1st Edition

# Quadratic Irrationals An Introduction to Classical Number Theory

432 Pages
by Chapman & Hall

431 Pages
by Chapman & Hall

Also available as eBook on:

Quadratic Irrationals: An Introduction to Classical Number Theory gives a unified treatment of the classical theory of quadratic irrationals. Presenting the material in a modern and elementary algebraic setting, the author focuses on equivalence, continued fractions, quadratic characters, quadratic orders, binary quadratic forms, and class groups.

The book highlights the connection between Gauss’s theory of binary forms and the arithmetic of quadratic orders. It collects essential results of the theory that have previously been difficult to access and scattered in the literature, including binary quadratic Diophantine equations and explicit continued fractions, biquadratic class group characters, the divisibility of class numbers by 16, F. Mertens’ proof of Gauss’s duplication theorem, and a theory of binary quadratic forms that departs from the restriction to fundamental discriminants. The book also proves Dirichlet’s theorem on primes in arithmetic progressions, covers Dirichlet’s class number formula, and shows that every primitive binary quadratic form represents infinitely many primes. The necessary fundamentals on algebra and elementary number theory are given in an appendix.

Research on number theory has produced a wealth of interesting and beautiful results yet topics are strewn throughout the literature, the notation is far from being standardized, and a unifying approach to the different aspects is lacking. Covering both classical and recent results, this book unifies the theory of continued fractions, quadratic orders, binary quadratic forms, and class groups based on the concept of a quadratic irrational.

The modular group
Two short tables of class numbers

Continued Fractions
General theory of continued fractions
Continued fractions of quadratic irrationals I: General theory
Continued fractions of quadratic irrationals II: Special types

Elementary theory of power residues
Gauss and Jacobi sums
Sums of two squares

L-Series and Dirichlet’s Prime Number Theorem
Preliminaries and some elementary cases
Multiplicative functions
Dirichlet L-functions and proof of Dirichlet’s theorem
Summation of L-series

Lattices and orders in quadratic number fields
Lattices and (invertible) fractional ideals in quadratic orders
Structure of ideals in quadratic orders
Class groups and class semigroups
Ambiguous ideals and ideal classes
An application: Some binary Diophantine equations
Prime ideals and multiplicative ideal theory

Elementary definitions and equivalence relations
Representation of integers
Reduction
Composition
Theory of genera
Sums of squares

The cubic Jacobi symbol
The cubic reciprocity law
A biquadratic class group character and applications

Class Groups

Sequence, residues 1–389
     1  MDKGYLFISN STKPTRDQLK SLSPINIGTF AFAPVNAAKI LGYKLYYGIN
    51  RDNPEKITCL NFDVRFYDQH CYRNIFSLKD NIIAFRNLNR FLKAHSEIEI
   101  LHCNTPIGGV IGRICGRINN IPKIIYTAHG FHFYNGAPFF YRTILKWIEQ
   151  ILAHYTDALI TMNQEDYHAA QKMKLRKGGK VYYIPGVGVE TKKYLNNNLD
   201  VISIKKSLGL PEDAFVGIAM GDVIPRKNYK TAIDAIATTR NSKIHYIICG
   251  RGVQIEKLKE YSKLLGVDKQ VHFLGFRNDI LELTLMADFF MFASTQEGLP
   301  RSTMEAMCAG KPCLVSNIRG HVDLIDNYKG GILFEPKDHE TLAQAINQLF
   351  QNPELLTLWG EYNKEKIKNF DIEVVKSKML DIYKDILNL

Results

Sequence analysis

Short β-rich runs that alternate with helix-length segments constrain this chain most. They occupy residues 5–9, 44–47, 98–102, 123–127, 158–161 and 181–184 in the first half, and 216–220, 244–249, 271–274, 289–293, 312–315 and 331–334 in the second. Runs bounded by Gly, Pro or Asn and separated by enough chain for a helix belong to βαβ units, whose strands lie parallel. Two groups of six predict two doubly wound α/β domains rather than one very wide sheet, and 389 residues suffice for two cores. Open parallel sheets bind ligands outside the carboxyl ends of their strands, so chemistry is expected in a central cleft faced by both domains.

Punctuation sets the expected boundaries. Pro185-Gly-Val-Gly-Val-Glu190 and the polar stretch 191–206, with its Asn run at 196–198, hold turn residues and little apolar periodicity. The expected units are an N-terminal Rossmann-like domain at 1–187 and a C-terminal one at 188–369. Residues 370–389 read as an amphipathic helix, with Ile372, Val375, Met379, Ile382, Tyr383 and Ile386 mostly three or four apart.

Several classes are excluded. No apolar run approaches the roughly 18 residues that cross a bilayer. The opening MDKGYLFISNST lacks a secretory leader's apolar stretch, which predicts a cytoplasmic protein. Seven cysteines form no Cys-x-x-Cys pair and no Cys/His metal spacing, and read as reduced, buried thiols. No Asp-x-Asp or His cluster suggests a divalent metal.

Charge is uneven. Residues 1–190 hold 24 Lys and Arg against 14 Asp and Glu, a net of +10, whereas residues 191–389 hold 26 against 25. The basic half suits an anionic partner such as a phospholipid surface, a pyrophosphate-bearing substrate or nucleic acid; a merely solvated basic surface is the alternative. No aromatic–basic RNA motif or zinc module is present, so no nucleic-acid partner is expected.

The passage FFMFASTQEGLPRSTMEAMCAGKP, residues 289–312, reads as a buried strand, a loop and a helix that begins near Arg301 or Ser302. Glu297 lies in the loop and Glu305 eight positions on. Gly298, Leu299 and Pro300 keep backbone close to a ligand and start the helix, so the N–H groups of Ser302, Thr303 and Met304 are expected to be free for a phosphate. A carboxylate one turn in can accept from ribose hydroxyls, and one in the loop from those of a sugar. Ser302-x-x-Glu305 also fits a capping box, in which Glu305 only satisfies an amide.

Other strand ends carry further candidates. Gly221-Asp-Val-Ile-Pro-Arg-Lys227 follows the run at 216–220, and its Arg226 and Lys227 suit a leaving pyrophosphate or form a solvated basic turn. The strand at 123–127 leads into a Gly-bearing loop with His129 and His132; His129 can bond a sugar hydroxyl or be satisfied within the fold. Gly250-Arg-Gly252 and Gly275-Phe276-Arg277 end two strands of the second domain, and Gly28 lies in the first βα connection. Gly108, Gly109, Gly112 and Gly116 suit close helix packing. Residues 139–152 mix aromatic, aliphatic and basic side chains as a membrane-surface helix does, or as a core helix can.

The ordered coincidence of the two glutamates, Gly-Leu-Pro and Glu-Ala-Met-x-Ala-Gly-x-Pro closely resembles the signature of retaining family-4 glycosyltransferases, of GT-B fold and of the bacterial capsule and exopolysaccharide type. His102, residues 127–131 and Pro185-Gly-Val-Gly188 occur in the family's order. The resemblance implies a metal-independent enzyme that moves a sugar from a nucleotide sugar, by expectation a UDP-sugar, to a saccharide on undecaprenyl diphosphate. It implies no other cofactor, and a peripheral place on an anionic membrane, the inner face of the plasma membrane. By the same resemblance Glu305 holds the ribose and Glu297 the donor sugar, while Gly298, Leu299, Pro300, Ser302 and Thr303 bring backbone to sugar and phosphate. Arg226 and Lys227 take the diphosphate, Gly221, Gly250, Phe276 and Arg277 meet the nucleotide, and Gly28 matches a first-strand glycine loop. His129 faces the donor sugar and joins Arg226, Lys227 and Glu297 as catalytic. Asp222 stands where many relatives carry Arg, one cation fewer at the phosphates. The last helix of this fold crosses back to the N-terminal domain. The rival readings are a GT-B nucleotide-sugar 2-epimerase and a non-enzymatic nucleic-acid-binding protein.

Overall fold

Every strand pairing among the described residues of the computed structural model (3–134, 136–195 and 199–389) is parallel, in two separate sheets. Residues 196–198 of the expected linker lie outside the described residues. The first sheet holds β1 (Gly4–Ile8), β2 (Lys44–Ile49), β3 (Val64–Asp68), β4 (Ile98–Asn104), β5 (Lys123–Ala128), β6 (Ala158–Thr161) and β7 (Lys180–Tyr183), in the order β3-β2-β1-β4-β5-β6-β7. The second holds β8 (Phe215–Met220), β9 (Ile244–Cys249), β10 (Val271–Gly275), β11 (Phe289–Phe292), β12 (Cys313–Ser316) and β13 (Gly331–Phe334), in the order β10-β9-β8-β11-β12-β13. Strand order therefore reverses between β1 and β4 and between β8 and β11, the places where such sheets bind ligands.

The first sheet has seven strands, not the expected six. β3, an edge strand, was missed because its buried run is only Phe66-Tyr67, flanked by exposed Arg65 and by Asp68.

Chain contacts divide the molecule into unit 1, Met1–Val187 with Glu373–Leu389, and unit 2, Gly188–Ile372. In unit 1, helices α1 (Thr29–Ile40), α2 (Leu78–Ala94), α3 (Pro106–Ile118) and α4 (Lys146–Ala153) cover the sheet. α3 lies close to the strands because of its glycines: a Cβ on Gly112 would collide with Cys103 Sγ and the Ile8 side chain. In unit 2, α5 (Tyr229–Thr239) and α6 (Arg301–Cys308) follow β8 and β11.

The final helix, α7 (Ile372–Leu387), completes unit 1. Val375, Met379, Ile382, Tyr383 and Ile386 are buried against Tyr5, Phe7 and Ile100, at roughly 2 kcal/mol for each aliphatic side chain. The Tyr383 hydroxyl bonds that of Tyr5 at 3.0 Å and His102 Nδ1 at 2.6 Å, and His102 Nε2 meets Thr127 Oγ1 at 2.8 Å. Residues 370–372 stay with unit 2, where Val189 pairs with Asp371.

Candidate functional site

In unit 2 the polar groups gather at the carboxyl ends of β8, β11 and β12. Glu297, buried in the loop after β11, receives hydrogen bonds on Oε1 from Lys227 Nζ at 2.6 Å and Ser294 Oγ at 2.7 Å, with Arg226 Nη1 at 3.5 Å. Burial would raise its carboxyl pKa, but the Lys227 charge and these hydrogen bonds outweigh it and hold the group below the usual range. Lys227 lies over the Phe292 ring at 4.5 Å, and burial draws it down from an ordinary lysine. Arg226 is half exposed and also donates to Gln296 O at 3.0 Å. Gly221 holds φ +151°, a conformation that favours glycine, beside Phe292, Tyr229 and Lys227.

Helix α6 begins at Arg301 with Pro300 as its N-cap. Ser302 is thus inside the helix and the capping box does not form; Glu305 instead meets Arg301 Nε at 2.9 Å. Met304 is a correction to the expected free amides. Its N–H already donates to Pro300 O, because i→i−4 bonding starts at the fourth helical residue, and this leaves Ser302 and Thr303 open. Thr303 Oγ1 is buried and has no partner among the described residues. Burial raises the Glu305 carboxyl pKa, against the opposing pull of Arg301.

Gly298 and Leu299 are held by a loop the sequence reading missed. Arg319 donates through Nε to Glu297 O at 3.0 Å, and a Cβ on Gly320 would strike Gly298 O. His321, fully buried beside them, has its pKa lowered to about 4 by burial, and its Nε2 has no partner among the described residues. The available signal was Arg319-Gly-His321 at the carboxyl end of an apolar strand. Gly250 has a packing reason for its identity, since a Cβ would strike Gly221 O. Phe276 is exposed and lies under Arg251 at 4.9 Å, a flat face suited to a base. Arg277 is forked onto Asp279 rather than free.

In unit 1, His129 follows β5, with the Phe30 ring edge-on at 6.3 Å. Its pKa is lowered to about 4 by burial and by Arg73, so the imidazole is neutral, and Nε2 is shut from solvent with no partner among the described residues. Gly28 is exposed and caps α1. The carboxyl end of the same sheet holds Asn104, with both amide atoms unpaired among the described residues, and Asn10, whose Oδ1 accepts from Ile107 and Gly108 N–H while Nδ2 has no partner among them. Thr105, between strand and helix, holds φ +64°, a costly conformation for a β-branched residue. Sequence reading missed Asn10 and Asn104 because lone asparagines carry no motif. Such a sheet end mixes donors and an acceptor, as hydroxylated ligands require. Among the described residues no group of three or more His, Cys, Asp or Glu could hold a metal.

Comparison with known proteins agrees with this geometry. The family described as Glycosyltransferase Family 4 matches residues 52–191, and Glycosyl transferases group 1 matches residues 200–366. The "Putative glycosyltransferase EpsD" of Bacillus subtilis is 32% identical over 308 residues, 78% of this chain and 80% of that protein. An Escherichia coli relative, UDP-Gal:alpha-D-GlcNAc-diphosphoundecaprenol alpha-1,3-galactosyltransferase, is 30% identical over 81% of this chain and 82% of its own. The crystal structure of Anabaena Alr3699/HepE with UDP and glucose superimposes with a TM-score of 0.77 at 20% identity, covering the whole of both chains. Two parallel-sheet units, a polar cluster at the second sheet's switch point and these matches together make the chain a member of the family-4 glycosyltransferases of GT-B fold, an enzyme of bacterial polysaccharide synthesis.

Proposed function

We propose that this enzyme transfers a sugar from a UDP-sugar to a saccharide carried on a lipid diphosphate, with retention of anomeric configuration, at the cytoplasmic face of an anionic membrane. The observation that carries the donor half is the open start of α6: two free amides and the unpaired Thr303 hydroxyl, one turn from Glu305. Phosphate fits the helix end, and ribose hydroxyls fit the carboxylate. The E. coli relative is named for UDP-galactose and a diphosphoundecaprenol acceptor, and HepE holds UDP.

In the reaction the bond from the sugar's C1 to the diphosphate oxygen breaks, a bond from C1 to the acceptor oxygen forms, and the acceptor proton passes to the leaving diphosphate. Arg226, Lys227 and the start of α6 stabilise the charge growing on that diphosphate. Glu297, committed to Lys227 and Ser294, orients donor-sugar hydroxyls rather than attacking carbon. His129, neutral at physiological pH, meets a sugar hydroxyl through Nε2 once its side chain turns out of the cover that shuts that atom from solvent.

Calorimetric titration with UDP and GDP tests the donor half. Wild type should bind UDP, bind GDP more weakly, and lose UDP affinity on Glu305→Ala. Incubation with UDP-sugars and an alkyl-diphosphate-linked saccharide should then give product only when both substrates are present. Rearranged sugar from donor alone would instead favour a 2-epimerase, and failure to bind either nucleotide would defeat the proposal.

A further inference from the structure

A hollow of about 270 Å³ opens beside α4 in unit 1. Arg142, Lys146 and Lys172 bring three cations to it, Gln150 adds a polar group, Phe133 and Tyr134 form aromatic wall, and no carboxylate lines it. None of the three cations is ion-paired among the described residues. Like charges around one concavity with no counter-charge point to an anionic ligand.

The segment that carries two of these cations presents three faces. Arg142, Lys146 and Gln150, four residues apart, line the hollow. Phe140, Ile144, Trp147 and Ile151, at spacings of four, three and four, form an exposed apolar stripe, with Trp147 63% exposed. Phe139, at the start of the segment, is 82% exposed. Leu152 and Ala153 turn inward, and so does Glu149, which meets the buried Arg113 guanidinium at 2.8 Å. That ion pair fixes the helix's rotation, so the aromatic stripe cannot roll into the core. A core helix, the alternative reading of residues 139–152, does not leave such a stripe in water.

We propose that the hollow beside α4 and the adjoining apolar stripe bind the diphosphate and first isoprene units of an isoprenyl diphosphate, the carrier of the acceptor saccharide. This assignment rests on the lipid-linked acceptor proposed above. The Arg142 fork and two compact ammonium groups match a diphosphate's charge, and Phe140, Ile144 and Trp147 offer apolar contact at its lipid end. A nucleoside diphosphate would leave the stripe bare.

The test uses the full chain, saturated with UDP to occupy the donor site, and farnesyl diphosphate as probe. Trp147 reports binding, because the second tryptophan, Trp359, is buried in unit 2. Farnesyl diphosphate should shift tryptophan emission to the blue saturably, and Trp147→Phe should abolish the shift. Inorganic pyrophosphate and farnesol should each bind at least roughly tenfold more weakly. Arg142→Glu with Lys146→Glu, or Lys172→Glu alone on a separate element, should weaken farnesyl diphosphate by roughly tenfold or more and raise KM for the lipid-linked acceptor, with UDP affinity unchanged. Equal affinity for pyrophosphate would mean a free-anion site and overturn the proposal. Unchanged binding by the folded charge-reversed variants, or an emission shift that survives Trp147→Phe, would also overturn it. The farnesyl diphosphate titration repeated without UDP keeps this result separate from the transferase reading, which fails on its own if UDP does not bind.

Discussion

The analytic class number formula
Ambiguous classes and classes of order divisibility by 4
Discriminants with cyclic 2-class group: Divisibility by 8 and 16

Appendix A: Review of Elementary Algebra and Number Theory
Appendix B: Some Results from Analysis

Bibliography

List of Symbols

Subject Index

### Biography

Franz Halter-Koch retired as a professor of mathematics from the University of Graz in 2004. A member of the Austrian Academy of Science, Dr. Halter-Koch is the author/coauthor of roughly 150 scientific articles, author of Ideal Systems: An Introduction to Multiplicative Ideal Theory, and coauthor of Non-Unique Factorizations: Algebraic, Combinatorial and Analytic Theory. His research focuses on elementary and algebraic number theory, non-unique factorizations, and abstract multiplicative ideal theory.

"… [a] successful attempt to present a cohesive treatment of several important topics in classical number theory by first developing a theory of quadratic irrationals and then building on that to show how the other topics reflect different faces of this theory. … works best as a monograph for those who are already familiar with some parts of the material covered here and would like to see other approaches. … it does include a better selection of numerical examples than is found in most books, and it has a number of applications to other areas such as diophantine equations."
—Allen Stenger, MAA Reviews, January 2014

"…comprehensive text dealing with the theory of binary quadratic forms. … one of the main interests of this book is that it gathers a lot of important results which are generally strewn throughout the literature and are quite difficult to access. This text is quite clear and some exercises and examples are scattered throughout the book. I therefore think that it will find many interested readers within the international mathematical community."
— Olivier Bordellès, Mathematical Reviews Clippings, December 2013